I thought I was finished writing about the importance of chores – teaching children responsibility, showing them that you can work together to function as a family unit – and then I received another email that brought to light a great fact about chores:
They can be used to teach higher level thinking skills!
This is something I hadn’t considered prior to reading the email. In fact, as I assigned chores I did so on a “what needs to be done and what can they do” basis, rather than by what chores might help what skills they needed to develop.
Mike and Renee Mosiman, authors of “The Smarter Preschooler: Unlocking Your Child’s Intellectual Potential,” say that chores can, ” . . . help develop memory, planning skills, sequential thinking, and classification abilities . . . ”
Consider this: A child who takes out the garbage must remember when it goes to the curb. Also, children who do tasks that require multiple steps (washing the dishes or the car) need to recall what steps come first, second, third and so on in order to complete the task. This helps to improve memory skills.
In addition, teaching organization skills could really enhance this area for those kids (like I was!) who can’t remember anything. For instance, set up a calendar in your child’s room to show what things are coming up (school dances, carnival, fair) and then on the day the garbage goes out (or the car has to be washed, or whatever regular chore needs to be completed) write in that task. This teaches the child to use visual reminders when doing a task.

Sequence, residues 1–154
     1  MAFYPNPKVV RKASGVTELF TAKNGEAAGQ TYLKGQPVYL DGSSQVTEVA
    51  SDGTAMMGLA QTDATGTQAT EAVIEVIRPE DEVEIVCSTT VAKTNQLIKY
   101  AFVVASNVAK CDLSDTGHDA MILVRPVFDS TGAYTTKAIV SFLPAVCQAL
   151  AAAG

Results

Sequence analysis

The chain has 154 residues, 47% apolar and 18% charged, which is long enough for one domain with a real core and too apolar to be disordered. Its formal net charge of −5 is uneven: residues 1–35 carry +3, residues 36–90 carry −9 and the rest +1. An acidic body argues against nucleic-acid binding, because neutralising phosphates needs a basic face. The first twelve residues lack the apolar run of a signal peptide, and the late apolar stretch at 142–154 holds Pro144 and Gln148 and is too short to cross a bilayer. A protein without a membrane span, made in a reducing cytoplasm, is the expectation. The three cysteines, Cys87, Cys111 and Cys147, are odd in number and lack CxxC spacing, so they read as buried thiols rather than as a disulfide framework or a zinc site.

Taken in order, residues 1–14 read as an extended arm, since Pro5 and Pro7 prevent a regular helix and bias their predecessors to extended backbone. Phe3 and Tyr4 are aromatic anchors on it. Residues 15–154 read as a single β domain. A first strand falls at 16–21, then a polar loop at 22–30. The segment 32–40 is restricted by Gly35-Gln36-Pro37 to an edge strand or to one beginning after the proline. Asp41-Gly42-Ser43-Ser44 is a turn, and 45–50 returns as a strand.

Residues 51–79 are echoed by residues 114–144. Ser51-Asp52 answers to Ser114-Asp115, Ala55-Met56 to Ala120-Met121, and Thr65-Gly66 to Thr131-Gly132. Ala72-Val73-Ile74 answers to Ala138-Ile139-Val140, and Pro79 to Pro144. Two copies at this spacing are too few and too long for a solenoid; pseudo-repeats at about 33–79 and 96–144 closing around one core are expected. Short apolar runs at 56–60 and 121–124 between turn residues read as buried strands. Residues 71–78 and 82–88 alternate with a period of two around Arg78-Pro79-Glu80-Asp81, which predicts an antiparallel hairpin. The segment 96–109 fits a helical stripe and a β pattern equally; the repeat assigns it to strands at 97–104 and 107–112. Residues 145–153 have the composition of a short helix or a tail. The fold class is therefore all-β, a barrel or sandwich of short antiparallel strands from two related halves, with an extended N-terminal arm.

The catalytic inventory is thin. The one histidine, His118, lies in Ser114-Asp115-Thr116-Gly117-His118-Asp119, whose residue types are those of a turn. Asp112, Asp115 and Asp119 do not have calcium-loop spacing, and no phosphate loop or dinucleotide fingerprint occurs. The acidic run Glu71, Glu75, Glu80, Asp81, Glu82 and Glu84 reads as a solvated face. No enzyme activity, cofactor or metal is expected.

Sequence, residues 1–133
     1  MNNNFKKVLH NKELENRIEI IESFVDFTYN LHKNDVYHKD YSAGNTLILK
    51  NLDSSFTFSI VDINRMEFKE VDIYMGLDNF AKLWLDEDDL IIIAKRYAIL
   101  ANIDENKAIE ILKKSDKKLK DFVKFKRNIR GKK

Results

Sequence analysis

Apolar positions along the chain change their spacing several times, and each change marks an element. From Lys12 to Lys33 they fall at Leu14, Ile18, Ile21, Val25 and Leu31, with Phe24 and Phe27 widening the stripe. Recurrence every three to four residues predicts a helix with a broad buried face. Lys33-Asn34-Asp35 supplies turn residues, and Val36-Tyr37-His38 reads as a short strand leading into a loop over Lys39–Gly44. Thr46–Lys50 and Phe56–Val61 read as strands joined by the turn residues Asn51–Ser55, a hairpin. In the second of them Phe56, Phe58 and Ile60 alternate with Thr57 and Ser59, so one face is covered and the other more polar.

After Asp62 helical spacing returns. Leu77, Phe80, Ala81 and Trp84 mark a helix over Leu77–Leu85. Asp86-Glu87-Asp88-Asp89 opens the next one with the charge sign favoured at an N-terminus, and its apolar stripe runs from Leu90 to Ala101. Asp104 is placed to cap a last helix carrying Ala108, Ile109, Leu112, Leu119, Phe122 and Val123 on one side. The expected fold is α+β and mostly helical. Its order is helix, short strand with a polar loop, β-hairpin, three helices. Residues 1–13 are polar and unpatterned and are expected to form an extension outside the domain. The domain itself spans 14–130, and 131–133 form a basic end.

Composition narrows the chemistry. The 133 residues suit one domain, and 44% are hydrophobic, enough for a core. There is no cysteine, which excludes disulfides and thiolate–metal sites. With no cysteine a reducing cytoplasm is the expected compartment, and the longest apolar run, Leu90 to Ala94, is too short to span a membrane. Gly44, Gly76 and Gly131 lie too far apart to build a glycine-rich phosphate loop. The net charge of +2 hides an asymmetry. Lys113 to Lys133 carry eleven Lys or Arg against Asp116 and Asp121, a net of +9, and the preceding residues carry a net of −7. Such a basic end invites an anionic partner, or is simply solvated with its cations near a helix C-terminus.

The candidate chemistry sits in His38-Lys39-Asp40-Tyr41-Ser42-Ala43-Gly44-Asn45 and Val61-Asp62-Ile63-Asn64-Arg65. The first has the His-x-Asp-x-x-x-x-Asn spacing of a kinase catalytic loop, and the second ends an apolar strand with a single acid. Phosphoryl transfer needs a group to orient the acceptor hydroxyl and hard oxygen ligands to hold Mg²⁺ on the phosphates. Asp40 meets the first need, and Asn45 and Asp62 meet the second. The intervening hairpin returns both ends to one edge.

Those children doing tasks like washing the dishes must learn to do things in a particular order (water in the sink, adding detergent, washing, rinsing, drying, putting away). Following recipes (helping with cooking) is another task that involves sequential steps. This must be done before that – and if it is not, the task will not be completed correctly.
In addition, some tasks require children to really do some planning for the day. If you are a teenager that mows the lawn each Saturday on the summer weekends, you need to consider at what time you will complete your chore, and this may change from weekend to weekend.
For instance, if you are a teenager who mows the lawn and also has an event to attend on the same day, you’ll need to faction that in to the equation before beginning your task. Even younger children must learn to prioritize: when to do homework, when to do the chores.
For this reason, parents should not expect children to drop their chore on the day of a big event, because this teaches the child methods for multitasking and preparing for more than one thing at a time. It gives them the ability to understand setting priorities (mowing the lawn) and making those fit into their schedule that might include additional bonus activities (a dance, a movie night, a game).